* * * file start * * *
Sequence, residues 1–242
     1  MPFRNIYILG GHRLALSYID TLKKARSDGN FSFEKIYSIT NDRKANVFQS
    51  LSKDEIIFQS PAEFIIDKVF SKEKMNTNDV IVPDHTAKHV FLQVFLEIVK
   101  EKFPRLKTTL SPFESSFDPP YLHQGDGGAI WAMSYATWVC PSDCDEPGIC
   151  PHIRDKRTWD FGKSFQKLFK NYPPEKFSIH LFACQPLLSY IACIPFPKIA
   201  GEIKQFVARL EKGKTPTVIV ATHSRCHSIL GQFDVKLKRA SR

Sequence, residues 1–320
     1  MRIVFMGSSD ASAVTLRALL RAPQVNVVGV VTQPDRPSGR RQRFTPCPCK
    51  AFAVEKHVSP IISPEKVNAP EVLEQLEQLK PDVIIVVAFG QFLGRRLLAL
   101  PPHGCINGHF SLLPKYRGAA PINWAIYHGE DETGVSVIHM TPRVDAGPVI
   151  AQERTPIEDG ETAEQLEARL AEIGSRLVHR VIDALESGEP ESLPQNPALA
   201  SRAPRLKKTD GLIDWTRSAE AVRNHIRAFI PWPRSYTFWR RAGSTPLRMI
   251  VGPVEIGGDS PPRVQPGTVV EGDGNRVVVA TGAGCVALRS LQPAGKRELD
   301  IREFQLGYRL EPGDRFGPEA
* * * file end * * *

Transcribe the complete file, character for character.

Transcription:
Sequence, residues 1–242
     1  MPFRNIYILG GHRLALSYID TLKKARSDGN FSFEKIYSIT NDRKANVFQS
    51  LSKDEIIFQS PAEFIIDKVF SKEKMNTNDV IVPDHTAKHV FLQVFLEIVK
   101  EKFPRLKTTL SPFESSFDPP YLHQGDGGAI WAMSYATWVC PSDCDEPGIC
   151  PHIRDKRTWD FGKSFQKLFK NYPPEKFSIH LFACQPLLSY IACIPFPKIA
   201  GEIKQFVARL EKGKTPTVIV ATHSRCHSIL GQFDVKLKRA SR

Sequence, residues 1–320
     1  MRIVFMGSSD ASAVTLRALL RAPQVNVVGV VTQPDRPSGR RQRFTPCPCK
    51  AFAVEKHVSP IISPEKVNAP EVLEQLEQLK PDVIIVVAFG QFLGRRLLAL
   101  PPHGCINGHF SLLPKYRGAA PINWAIYHGE DETGVSVIHM TPRVDAGPVI
   151  AQERTPIEDG ETAEQLEARL AEIGSRLVHR VIDALESGEP ESLPQNPALA
   201  SRAPRLKKTD GLIDWTRSAE AVRNHIRAFI PWPRSYTFWR RAGSTPLRMI
   251  VGPVEIGGDS PPRVQPGTVV EGDGNRVVVA TGAGCVALRS LQPAGKRELD
   301  IREFQLGYRL EPGDRFGPEA